At architect Luca Cipelletti’s latest residential project in Milan, it’s impossible to miss two other names on the door: Nathalie Du Pasquier and George Snowden. The designers (who happen to be a married couple) were founding members of the radical 1980s design movement, the Memphis Group. And when Cipelletti first entered the windowless, L-shaped attic of the Porta Nuova building, which he had hired to make it more livable, the door was inscribed with the names of the movement’s founding father Ettore Sottsass and co-founder Marco Zanini .
“They were the first radicals,” Cipelletti says of the group, known for their irreverent use of crazy shapes and colors that challenged notions of good taste. As a teenager in Milan in the 80s, Cipelletti had seen many of their first shows and decades later he designed a 2006 Sottsass exhibition in Tokyo as well as a 2021 reconstruction of a Sottsass interior, Casa Lana, at La Triennale Museum Milan. “They didn’t always have to think of a function. In a way, that freedom helped me a lot.”
But if you’re thinking this apartment is an obvious homage to radical Italian design, think again. Cipelletti is a different kind of madness, he points out, “My madness is compulsive obsession—it’s more serious; It’s about erasing things.” He likes to use the word millimeter to describe his work. And indeed, this project is as obsessed with detail as it gets. Table tops are cut at 45 degree angles to give them a razor thin appearance. Marble is coordinated on floors and walls to look like a large shell. And a linear motif, like the frets of a guitar, runs horizontally through the apartment from the ceiling to the walls, across the bookshelves and onto the floors, with almost painful precision.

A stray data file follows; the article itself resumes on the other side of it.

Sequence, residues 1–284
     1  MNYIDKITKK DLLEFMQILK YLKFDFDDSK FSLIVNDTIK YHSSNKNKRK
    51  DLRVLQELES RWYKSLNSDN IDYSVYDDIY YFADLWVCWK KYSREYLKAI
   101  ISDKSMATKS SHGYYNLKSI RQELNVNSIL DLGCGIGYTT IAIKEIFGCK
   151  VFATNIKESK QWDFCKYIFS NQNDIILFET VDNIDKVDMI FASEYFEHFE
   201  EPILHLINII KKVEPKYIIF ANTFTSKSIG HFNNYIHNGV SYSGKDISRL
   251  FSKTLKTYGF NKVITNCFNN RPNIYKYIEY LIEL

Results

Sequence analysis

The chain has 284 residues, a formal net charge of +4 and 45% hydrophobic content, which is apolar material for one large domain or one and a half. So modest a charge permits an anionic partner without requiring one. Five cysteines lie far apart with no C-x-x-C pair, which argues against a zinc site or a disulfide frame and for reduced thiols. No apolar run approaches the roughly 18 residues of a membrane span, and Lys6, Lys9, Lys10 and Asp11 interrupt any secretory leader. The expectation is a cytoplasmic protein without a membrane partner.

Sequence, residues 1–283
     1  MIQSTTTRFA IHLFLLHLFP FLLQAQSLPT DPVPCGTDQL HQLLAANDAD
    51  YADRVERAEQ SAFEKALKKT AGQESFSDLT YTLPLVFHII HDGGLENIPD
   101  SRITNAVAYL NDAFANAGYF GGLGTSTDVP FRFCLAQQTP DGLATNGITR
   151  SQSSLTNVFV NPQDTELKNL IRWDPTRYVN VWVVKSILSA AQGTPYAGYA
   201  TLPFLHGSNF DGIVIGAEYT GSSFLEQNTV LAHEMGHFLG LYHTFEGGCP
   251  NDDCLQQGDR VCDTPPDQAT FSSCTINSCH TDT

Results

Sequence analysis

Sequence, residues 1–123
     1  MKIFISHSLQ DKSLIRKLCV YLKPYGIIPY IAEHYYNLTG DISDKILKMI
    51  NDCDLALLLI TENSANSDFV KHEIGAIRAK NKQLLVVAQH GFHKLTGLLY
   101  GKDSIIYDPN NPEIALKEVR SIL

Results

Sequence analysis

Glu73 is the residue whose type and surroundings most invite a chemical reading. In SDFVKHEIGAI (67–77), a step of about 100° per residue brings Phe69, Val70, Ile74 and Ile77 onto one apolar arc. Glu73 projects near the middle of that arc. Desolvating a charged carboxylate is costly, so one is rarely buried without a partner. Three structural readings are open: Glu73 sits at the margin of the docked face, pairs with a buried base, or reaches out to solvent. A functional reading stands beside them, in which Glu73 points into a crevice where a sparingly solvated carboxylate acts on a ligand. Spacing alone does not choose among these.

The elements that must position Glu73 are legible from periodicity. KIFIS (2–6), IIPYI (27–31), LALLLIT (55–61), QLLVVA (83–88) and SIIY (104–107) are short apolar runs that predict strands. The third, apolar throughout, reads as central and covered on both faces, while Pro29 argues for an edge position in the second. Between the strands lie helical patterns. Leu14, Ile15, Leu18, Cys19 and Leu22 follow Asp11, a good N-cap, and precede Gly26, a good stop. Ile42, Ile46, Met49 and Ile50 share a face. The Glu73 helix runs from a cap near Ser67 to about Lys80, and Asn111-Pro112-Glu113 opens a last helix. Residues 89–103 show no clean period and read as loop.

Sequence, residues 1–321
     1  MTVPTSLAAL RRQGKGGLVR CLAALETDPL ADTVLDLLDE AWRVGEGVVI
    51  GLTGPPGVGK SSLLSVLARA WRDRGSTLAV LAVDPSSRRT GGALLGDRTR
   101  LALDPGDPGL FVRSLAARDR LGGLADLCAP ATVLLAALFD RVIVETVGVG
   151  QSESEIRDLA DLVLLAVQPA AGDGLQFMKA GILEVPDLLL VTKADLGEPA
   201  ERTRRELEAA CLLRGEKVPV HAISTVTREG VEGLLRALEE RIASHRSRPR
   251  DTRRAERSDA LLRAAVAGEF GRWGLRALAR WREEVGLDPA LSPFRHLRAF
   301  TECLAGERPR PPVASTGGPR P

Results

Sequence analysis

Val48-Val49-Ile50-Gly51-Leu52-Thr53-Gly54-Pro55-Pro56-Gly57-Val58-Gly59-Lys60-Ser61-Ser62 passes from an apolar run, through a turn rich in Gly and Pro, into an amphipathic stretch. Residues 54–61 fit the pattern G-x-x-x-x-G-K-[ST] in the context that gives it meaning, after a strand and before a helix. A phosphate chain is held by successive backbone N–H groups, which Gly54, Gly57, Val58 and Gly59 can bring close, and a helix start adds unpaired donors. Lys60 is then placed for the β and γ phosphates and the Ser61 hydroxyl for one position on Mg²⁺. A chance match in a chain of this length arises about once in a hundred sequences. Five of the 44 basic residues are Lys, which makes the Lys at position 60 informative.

The 400 square meter L-shaped volume had high, sloping ceilings but no natural light. To make it more livable, Cipelletti made a series of cuts in the front, side and ceiling to create windows and skylights, and added about 100 square meters of patio (planted by landscape architect Derek Castiglioni) just behind. Everything balances on asymmetric plaster-coated pillars that repeat every 36 meters for an effect that, in Cipelletti’s words, is “a little neo-Gothic and Brutalist.”
“We wanted to add a lush layer” to soften Brutalist elements, explains Cipelletti. Walls and floors are clad in Canaletto walnut. The master bath was encased in more than 17,000 pounds of forest green marble and the powder room in Brazilian fossil marble. Around the house, Cipelletti installed panels of his Venetian mirror, which gets its smoky, reflective quality from layers of oxidation applied to stainless steel. His client, an art collector, brought with him an impressive collection of photographs but little else, leaving Cipelletti to curate a mix of blue-chip art and furniture that would complement the gravitas of both the architecture and photos. Cipelletti scoured galleries, auctions and shops to find prized 20th-century treasures like a rocking chair by Franco Albini, a writing desk and dining chairs by Gio Ponti, and a stunning bubblegum pink vase by Carlo Scarpa. Some of the pieces evoke the house’s radical Italian roots, such as two Alessandro Mendini totemic sculptures and, perhaps most obviously, a set of ten Sottsass glass Vistosi vessels, all captured at auction.